Intra-action is a term/idea borrowed from the American feminist and physicist Karen Barad (b. 1956). She reminds us that during the last century of empirical research we have been discovering more and more that the world is not made up of discrete and essentially inert things about which our observations can ‘simply “disclose preexisting values” or properties but, in fact, [our observations] also always play a role in constituting them.’ In a recent paper Gamble, Hanan and Nail go on to observe:

Barad argues that since there is in fact no strict or fixed boundary line dividing even a scientific laboratory from the rest of the world, humans can therefore never observe the universe as though from outside of it. Thus, she argues, “[t]o the extent that humans participate in scientific or other practices of knowing, they do so as part of the larger material configuration of the world and its ongoing open-ended articulation.” As such, humans (like everything else) always partly constitute and are partly constituted by that which they observe (Christopher N. Gamble, Joshua S. Hanan & Thomas Nail (2019) WHAT IS NEW MATERIALISM?, Angelaki, 24:6, 111-134, DOI: 10.1080/0969725X.2019.1684704).

The COVID-19 event and our current, empirically based, scientific knowledge are, together, reminding us in some deeply challenging ways that our world is intra-active all the way up, down and around and that we can never truly isolate ourselves from any other thing, whether that’s each other, the SARS-CoV-2 virus, the birds of the air, the lilies of the field, insects, plants, fish, coral, rock, soil, air, sun, water or anything else, ad infinitum. In short ‘No property of any discernible thing that is — whether its physical features, agency, or even its speech or thought — entirely precedes or remains unchanged by its actions or encounters with other things’ (ibid).

Here’s what the authors (Stacey Kerr, Erin Adams, & Beth Pittard) of the explainer video above have to say about this. They were talking in the film about the “Ebola phenomenon” and “Africa” but here I’ve changed those to read “the Coronavirus phenomenon” and “China”:

We can say the Coronavirus phenomenon is not just the virus itself but is an intra-action of the actual virus, human, and non-human actors including human bodies, political discourses on China, pandemics, the role of politics, political pundits, news channels and fear. Coronavirus is not just a virus it’s a phenomenon that’s made and unmade through intra-actions between nature, culture and technology. Through intra-action we are all brought together into the Coronavirus phenomenon, and yet this intra-action separates us into new, co-constitutive subject positions. Through intra-actions we become, at least temporarily, the afflicted and non-afflicted, the at-risk and the not-at-risk, and the exposed and the non-exposed. So studying these inter-actions reveals how differences get made and unmade. It’s unlikely that many of us will intra-act with the Coronavirus but we will all intra-act with the Coronavirus phenomenon and, therefore, we are all responsible for the matter produced in these intra-actions: the discourses, the materials, and the subject positions. Interactions defer and deflect responsibility but, in intra-actions, responsibility is distributed among the constitutive entities.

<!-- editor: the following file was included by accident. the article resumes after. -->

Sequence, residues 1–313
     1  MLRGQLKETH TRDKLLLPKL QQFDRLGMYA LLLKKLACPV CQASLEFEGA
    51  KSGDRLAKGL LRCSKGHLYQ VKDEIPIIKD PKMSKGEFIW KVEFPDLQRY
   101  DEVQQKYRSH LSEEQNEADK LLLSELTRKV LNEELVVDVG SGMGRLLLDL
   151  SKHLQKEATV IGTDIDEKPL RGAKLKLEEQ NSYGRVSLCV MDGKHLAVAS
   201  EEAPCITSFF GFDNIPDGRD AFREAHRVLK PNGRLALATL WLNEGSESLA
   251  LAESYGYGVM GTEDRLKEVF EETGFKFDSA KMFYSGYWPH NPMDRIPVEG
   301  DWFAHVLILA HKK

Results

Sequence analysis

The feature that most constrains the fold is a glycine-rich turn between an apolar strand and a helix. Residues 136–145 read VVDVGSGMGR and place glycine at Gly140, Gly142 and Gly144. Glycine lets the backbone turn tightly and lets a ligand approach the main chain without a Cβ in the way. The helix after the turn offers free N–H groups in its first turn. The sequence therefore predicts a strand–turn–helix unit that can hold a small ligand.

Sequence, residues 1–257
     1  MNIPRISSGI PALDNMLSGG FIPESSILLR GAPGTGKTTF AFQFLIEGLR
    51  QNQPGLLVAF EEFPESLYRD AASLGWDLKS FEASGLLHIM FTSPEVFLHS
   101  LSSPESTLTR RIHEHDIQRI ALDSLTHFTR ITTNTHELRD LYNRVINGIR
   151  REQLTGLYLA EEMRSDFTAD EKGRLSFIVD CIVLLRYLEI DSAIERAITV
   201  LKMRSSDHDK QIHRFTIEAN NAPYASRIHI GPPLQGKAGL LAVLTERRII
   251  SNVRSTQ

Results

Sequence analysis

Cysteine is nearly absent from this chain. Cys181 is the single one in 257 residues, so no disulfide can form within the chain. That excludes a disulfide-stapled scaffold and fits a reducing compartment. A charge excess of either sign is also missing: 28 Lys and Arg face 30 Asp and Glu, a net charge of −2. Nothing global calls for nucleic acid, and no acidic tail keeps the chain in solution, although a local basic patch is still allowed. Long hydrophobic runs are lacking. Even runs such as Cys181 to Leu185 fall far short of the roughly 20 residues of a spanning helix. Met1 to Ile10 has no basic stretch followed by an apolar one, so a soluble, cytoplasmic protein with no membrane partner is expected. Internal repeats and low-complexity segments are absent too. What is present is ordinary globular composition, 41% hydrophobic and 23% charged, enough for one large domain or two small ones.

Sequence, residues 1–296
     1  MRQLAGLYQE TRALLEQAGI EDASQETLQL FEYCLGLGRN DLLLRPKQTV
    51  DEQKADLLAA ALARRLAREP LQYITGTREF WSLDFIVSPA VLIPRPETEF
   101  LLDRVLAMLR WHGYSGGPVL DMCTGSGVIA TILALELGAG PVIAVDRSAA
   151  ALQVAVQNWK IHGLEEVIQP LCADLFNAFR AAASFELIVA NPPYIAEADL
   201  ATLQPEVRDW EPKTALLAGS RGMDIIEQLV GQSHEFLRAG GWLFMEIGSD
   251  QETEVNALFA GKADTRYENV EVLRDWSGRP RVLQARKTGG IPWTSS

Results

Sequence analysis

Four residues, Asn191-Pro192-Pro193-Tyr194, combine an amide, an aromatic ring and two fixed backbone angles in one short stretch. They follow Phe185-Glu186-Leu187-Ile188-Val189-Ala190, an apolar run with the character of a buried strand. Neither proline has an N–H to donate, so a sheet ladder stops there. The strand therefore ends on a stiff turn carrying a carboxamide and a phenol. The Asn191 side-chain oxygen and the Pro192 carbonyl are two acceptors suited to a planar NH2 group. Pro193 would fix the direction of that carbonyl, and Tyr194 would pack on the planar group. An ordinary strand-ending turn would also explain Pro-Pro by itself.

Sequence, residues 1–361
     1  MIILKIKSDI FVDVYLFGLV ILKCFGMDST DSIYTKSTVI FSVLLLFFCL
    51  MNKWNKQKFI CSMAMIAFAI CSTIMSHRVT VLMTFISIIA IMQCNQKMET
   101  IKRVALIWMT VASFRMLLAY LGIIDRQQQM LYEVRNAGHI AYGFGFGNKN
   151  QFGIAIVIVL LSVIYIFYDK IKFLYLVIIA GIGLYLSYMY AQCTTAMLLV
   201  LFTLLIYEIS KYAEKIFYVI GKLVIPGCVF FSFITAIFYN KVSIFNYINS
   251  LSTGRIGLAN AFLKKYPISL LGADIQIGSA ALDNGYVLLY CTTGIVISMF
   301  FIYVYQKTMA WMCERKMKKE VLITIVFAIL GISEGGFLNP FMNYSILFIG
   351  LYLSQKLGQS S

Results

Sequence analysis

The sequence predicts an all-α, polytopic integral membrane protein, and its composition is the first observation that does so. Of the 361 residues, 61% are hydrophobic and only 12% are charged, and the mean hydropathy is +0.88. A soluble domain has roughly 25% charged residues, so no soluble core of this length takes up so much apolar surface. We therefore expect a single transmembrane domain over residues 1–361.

I bring these two thoughts before you before Susanna and I try to take a little break for the month of August because I continue to think that we are only at the very beginning of the COVID-19 event. Given that it is now clear we cannot rush through it we must, therefore, a) learn to be fully in the event, patiently and attentively open to the possibilities for future action that might begin to show up in it and, b) to see that the whole event (all reality in fact) is always already intra-active.

There is no going back, and no going outside of this event — we can only go forward into the new world that is always-already intra-actively emerging before us.

Our journey to a  “new normal” will take a considerable time (in fact it will never definitively end) and we will need much patience, strength and courage to undertake it. So, may I suggest, that we all try to rest as best we can during this August to prepare us for for the creative intra-action that is to follow.